Water Law

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Court of Appeal Finds CEQA Does Not Apply To An Agency’s Declared Water Emergency

December 11, 2012

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In Central Basin Municipal Water District v. Water Replenishment District of Southern California (December 10, 2012), the Second Appellate District affirmed a judgment finding that the California Environmental Quality Act (CEQA) does not apply when a water replenishment district declares a water emergency.


The CEQA action is a challenge to Water Replenishment District of Southern California's (WRD) declaration of a "water emergency" in the Central Groundwater Basin.  Under the terms of a 1991 judgment that governing the Central Basin (the Judgment), a water emergency may be declared by WRD when the Central Basin resources risk degradation.  The Judgment established the water rights of numerous entities and imposed a "physical solution," described as "an equitable remedy designed to alleviate overdrafts and the consequential depletion of water resources."  The Judgment reserves continuing jurisdiction to the court.

The Central Basin Municipal Water District (CBMWD) challenged the declared water emergency under CEQA, arguing there are environmental consequences that may result in significant environmental effects from increased pumping of carryover rights and the extended time in which pumpers could replace over-extracted water.


In the published portion of the opinion, the Second Appellate District found CEQA inapplicable for two reasons.  First, the court found that the declaration of a water emergency by itself has no environmental impact and therefore is not a "project" within the meaning of CEQA.  It reasoned that the only role of the public agency was to declare the water emergency and it is irrelevant if other provisions of the Judgment may trigger significant environmental effects.  Second, the court found that WRD had no discretion to alter the terms of the Judgment even if it prepared an Environmental Impact Report (EIR) and determined that the carryover and delayed replacement would have significant environmental effects.  Even if the declaration of the water emergency should be viewed together with its consequences, WRD's decision was ministerial and the preparation of an EIR would have been a futile act.  CEQA does not apply to ministerial actions -- actions in which the agency is not permitted to shape the process to address environmental concerns.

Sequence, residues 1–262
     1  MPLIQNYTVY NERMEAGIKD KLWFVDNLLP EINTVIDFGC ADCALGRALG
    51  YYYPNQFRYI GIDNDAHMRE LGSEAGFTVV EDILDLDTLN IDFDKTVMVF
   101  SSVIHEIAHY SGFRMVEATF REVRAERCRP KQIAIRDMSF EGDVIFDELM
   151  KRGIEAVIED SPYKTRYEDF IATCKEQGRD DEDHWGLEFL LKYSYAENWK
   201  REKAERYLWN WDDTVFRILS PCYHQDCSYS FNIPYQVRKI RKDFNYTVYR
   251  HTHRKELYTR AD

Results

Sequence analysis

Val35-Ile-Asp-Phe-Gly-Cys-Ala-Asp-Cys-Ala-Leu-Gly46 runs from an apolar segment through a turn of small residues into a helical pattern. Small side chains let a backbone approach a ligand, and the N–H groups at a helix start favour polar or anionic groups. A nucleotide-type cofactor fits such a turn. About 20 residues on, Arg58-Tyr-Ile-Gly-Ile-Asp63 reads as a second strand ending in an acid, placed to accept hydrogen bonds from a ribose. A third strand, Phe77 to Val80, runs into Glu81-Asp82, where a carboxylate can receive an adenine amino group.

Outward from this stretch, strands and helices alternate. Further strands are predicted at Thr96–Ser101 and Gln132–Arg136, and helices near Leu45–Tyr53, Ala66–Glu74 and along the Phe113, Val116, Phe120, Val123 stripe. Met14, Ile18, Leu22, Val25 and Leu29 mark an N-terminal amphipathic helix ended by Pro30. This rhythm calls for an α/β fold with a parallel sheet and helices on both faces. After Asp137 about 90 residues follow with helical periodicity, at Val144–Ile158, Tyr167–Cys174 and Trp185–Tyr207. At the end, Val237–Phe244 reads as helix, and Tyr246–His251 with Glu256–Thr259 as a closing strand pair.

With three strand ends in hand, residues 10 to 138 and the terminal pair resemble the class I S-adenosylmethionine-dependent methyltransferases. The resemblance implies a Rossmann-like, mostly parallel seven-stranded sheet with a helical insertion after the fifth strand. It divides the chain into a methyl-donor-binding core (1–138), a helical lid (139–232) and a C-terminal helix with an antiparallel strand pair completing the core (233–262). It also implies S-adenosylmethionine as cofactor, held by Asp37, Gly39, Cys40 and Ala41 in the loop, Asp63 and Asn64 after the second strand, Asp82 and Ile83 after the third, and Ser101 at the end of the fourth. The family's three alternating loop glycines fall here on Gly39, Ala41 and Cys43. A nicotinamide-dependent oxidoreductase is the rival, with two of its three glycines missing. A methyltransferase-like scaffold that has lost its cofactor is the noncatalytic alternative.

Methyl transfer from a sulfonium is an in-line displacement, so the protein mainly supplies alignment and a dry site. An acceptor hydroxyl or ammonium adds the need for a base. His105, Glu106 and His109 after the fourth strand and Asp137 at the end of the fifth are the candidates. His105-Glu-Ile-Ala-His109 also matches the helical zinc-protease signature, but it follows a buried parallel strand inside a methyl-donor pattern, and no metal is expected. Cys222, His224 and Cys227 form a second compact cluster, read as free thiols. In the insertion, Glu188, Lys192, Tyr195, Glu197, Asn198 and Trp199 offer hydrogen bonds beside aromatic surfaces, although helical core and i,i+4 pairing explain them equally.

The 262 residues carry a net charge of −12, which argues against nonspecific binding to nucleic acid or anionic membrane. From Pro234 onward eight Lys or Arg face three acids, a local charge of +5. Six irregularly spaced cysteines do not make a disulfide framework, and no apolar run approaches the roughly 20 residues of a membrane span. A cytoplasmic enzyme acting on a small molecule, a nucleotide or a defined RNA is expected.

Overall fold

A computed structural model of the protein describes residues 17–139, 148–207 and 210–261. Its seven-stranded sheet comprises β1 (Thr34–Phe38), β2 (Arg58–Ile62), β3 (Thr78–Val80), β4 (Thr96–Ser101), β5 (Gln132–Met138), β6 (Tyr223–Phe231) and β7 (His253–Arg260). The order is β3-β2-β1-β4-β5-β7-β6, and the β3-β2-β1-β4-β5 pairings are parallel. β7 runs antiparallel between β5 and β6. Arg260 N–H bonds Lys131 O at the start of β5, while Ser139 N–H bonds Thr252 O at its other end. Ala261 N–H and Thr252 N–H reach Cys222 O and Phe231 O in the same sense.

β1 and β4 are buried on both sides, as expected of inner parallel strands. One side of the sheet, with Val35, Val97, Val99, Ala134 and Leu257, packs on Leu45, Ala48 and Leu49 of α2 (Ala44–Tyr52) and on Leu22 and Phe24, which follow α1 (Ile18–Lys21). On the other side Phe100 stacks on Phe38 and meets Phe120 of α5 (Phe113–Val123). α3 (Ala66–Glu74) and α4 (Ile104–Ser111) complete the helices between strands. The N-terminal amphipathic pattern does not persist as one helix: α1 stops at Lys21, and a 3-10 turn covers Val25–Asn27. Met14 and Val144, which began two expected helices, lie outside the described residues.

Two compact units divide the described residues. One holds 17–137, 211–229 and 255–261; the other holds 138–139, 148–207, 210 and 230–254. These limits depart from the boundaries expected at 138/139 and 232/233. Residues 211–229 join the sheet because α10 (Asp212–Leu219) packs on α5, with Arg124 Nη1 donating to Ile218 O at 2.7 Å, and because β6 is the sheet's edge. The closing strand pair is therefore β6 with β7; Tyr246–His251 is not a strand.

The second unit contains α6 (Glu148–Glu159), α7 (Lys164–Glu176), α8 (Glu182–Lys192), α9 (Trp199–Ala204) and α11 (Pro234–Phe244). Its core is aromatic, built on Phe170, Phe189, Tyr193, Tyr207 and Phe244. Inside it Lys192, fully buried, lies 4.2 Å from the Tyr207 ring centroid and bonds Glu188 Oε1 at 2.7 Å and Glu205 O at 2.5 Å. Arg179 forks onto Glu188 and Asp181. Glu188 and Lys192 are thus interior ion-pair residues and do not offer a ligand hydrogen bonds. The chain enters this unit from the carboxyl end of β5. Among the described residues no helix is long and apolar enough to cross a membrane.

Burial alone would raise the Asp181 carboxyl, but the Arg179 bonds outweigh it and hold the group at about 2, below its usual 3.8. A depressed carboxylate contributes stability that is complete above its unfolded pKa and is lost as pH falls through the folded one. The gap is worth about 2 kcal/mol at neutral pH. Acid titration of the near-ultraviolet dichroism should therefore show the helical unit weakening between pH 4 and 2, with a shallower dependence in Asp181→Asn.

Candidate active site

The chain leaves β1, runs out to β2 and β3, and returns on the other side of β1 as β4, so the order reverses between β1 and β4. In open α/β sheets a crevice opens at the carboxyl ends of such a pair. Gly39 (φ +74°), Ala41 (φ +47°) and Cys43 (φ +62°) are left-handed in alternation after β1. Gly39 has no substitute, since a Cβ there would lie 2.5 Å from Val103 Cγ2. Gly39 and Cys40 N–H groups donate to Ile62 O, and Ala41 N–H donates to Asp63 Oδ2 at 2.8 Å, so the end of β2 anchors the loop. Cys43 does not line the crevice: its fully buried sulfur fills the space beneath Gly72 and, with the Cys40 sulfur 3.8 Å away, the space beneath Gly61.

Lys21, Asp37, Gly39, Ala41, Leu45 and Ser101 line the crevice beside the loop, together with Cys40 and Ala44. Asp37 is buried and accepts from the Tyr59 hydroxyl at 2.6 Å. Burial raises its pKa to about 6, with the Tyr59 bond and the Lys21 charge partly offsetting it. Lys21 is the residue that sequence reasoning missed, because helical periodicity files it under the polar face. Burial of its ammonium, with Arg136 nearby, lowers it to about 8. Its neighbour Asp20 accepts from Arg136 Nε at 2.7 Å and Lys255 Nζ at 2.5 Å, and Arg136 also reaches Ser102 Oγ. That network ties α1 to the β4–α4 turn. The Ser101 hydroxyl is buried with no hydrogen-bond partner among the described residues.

Further, the court found that even if CEQA were applicable, it is trumped by the "physical" solutions of the court-ordered Judgment governing the Central Basin.  It reasoned that a physical solution is an equitable decree designed to implement the constitutional mandate to maximize the beneficial use of water and prevent unreasonable use. (Cal. Const., art. X, § 2.) Citing to Hillside Memorial Park & Mortuary v. Golden State Water Co. (2011) 205 Cal.App.4th 534, the court reasoned that where an existing judgment is in place establishing a physical solution to a water rights issue, the public agency has no judgmental controls to exercise. The power to act in these circumstances is reserved to the court.

Conclusions and Implications

When an agency's discretion and ability to act are circumvented or limited by a judgment, decree or other judicial action, CEQA may be limited in a number of ways. Agencies should take a close look to see if the decision at issue is a "project" within the meaning of CEQA, and whether the decision constitutes a "ministerial" action where CEQA is inapplicable. Further, an agency implementing "physical solutions" from a court-ordered judgment may trump the requirements of CEQA.










For more information, please contact:

Nathan Metcalf

415-995-5838 Direct Phone
415-995-3562 Fax

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